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Soulful Reflections, Alaska, Ancient Ships, Gibbes staffs up

Artifacts

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Sharp and Soulful

The Allison Sprock Fine Art Gallery has opened a fresh new exhibit entitled Soulful Reflections, which includes new work from celebrated artists Felice Sharp and Tracy Sharp. The show features figurative pieces blending together pigments and mixed media. For more, go to www.allisonsprockfineart.com. —Mark Glenn

You can see Russia

If you're wondering how it feels to see horizons uncluttered by skyscrapers, wide open spaces with no one for miles — or if you really have a weird thing for Sarah Palin — you should probably go to Alaska. But you don't have to. Let Kip Bulwinkle be your guide. His new gallery in North Charleston, Karson Photography, features an exhibit of photography called Alaska. The show runs through the end of the year. For more information, call (843) 224-4001, or go to www.karsonphotography.com. —Myles Hutto

Singing songs with piano man

Baritone Kelvin Chan and pianist Jennifer McGuire perform on Nov. 16 at 3 p.m. at Johns Island Presbyterian Church. The program includes songs from Aaron Copland, Charles Ives, and Lee Hoiby. Chan has performed with the Cincinnati Opera. McGuire is a staff accompanist at Vanderbilt University. The concert is free. Seating is limited. For more, call (843) 559-9380, or go to www.jipc.org. —Mark Glenn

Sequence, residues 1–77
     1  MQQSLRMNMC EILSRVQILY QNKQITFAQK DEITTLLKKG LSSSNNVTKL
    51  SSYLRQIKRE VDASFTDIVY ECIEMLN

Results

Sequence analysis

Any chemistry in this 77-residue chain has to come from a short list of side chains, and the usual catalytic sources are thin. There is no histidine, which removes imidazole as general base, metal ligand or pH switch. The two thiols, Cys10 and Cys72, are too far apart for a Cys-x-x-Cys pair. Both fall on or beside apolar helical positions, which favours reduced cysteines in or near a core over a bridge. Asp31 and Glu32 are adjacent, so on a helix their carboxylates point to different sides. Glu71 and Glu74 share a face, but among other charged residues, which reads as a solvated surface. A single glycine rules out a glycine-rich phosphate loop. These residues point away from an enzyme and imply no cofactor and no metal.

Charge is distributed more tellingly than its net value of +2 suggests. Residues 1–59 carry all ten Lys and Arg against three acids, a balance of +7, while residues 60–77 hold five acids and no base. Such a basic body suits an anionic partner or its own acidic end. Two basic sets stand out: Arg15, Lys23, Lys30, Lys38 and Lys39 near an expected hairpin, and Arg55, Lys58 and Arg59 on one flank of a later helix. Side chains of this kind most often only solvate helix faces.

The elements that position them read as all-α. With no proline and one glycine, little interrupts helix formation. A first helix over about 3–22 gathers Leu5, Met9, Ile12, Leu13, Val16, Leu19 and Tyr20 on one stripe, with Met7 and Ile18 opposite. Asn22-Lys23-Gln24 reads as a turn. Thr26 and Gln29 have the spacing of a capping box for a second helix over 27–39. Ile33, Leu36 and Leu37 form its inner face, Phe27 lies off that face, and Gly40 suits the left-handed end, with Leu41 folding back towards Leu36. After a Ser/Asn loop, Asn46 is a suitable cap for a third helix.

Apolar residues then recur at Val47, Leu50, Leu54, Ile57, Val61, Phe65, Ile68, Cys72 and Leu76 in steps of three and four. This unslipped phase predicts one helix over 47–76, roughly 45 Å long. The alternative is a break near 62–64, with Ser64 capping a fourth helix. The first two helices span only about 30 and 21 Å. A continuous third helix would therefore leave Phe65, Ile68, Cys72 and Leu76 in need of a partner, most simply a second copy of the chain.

Ahoy Matey!

The Karpeles Manuscript Museum offers an ongoing exhibit called Ancient Ships. It features ancient coins with depictions of Greek, Roman, and Egyptian ships. The exhibit is open Tuesday through Saturdays, from 11 a.m.-4 p.m. The museum has free parking and admission. For more, call (843) 853-4651. —Mark Glenn

Coming and going at Gibbes

Rebecca Williams has been named education and outreach coordinator of the Gibbes Museum of Art. Williams, a former teacher, will lead efforts to recruit students and organizations to visit the museum. Williams follows Jonell J. Pulliam, who recently moved on to the Arts Institute of Charleston. The Gibbes Museum prioritizes educational outreach, benefiting the community and promoting creative expression. For more, go to www.gibbesmuseum.org. —Mark Glenn

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